Ferrous and non-ferrous smelting processes produce different slags. The smelting of copper and lead in non-ferrous smelting, for instance, is designed to remove the iron and silica that often occurs with those ores and separates it as an iron silicate based slag. Slag from steel mills in ferrous smelting, on the other hand, is designed to minimize iron loss and so mainly contains oxides of calcium, magnesium, and aluminium.
In some places in northern Michigan, the slag waste was dumped into the water. This combined with such minerals as dolomite and created a glass-like rock that is very attractive. These slag rocks formed green, purple and bright blue mixtures that are often used by local jewelers in jewelery.
Slag has many commercial uses, and is rarely thrown away. It is often reprocessed to separate any other metals that it may contain. The remnants of this recovery can be used in railroad track ballast, and as fertilizer. It has been used as a road base material and as a cheap and durable means of roughening sloping faces of seawalls in order to progressively arrest the movement of waves.
Ground granulated slag is often used in concrete in combination with Portland cement as part of a blended cement. Ground granulated slag reacts with water to produce cementitious properties. Concrete containing ground granulated slag develops strength over a longer period, leading to reduced permeability and better durability properties. Since the unit volume of Portland cement will also be reduced, concrete is less vulnerable to alkali-silica and sulfate attack.
Basic slagBasic slag is a byproduct of steelmaking by the basic version of the Bessemer process or the Linz-Donawitz process. It is largely limestone or dolomite which has absorbed phosphate from the iron ore being smelted. Because of the slowly-released phosphate content, as well as for its liming effect, it is valued as fertilizer in gardens and farms in steelmaking areas. According to the American Association of Plant Food Control Officials, basic slag must contain at least 12% total phosphoric acid (P2O5) or be labeled "low phosphate".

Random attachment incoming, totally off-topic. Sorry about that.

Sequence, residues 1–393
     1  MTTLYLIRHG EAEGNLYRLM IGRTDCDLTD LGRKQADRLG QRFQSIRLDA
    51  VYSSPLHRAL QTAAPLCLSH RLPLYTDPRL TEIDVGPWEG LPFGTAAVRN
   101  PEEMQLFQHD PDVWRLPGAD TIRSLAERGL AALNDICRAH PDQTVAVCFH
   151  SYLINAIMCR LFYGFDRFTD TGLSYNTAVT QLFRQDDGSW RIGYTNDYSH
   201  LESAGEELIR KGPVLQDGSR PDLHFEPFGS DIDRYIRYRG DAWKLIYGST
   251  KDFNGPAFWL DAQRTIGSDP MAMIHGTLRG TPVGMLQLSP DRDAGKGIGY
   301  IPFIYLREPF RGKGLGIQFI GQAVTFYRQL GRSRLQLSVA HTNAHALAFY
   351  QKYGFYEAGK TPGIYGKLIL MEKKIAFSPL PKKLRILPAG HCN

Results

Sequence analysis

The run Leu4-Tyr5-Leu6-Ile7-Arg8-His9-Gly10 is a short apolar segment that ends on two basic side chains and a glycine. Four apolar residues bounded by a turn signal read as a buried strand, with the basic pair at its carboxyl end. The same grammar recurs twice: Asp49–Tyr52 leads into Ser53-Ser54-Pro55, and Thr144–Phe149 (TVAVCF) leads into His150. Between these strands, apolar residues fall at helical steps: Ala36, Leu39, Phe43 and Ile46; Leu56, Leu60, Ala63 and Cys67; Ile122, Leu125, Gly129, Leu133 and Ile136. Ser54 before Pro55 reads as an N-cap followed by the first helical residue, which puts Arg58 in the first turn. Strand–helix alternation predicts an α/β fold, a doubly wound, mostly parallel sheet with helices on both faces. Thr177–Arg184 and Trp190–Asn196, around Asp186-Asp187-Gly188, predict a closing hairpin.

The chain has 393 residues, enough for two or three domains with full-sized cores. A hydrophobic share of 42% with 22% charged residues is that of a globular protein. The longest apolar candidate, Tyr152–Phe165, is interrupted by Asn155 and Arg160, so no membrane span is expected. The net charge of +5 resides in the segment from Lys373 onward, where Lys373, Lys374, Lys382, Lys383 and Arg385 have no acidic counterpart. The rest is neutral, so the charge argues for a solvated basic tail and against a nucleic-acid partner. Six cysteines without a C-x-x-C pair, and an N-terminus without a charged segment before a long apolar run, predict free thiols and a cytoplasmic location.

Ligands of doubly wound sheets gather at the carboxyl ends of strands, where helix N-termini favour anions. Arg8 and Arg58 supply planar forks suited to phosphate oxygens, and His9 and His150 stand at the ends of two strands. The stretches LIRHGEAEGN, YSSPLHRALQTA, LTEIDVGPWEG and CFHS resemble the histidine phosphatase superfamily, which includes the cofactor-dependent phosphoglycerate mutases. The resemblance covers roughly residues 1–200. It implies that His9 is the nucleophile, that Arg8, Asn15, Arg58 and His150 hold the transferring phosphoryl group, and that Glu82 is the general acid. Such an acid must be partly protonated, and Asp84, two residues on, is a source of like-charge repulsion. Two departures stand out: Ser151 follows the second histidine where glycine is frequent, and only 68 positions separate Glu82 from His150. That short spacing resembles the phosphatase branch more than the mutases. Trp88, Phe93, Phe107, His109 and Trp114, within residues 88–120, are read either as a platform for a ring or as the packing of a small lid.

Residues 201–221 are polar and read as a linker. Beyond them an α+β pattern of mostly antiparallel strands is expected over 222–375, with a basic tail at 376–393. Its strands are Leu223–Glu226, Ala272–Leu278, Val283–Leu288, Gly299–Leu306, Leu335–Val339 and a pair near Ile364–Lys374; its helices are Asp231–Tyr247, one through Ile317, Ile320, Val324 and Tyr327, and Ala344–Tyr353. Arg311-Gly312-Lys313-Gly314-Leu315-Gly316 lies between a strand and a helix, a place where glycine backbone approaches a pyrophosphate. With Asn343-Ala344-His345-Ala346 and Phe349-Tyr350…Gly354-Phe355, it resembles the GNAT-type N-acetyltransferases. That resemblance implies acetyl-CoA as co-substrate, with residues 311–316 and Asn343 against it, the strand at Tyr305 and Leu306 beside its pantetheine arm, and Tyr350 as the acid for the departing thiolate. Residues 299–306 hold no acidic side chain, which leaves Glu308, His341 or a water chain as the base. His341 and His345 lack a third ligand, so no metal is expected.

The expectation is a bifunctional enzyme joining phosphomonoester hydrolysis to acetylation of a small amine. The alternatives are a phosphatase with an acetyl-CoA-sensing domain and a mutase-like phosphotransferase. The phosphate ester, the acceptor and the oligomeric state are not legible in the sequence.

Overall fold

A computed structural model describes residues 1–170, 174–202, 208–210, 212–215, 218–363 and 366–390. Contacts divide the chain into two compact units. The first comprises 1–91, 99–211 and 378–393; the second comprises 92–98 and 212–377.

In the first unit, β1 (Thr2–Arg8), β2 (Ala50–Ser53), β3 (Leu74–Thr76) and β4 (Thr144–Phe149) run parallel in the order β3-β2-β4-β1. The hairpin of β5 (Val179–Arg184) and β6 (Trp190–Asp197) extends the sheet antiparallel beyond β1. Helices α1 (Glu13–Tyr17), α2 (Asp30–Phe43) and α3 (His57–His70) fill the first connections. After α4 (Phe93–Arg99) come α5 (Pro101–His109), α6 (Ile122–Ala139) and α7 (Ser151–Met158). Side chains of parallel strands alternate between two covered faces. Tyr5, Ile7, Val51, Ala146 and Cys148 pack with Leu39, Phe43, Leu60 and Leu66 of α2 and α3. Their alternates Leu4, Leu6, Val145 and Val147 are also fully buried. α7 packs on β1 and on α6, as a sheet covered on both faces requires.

slag in Bulgarian: Шлака
slag in Czech: Struska
slag in Danish: Slagge
slag in German: Schlacke
slag in Spanish: Escoria
slag in Finnish: Tuomaskuona
slag in French: Laitier (sidérurgie)
slag in Hungarian: Salak
slag in Dutch: Slak (metallurgie)
slag in Japanese: スラグ
slag in Polish: Żużel (hutnictwo)
slag in Portuguese: Escória
slag in Russian: Шлак
slag in Swedish: Slagg
slag in Ukrainian: Шлак
alluvion, alluvium, ash, ashes, bones, brand, calx, carbon, chaff, charcoal, cinder, clinker, coal, coke, coom, culm, deadwood, deposition, deposits, diluvium, dishwater, draff, dregs, dross, dust, ember, feces, filings, froth, fume, garbage, gash, grounds, hogwash, husks, lava, leavings, lees, loess, moraine, offal, offscourings, offscum, orts, parings, potsherds, precipitate, precipitation, rags, raspings, reek, refuse, scoria, scourings, scrap iron, scraps, scum, sediment, settlings, shards, shavings, silt, sinter, slack, slop, slops, smoke, smudge, smut, soot, stubble, sublimate, sullage, sweepings, swill, tares, wastage, waste, waste matter, wastepaper, weeds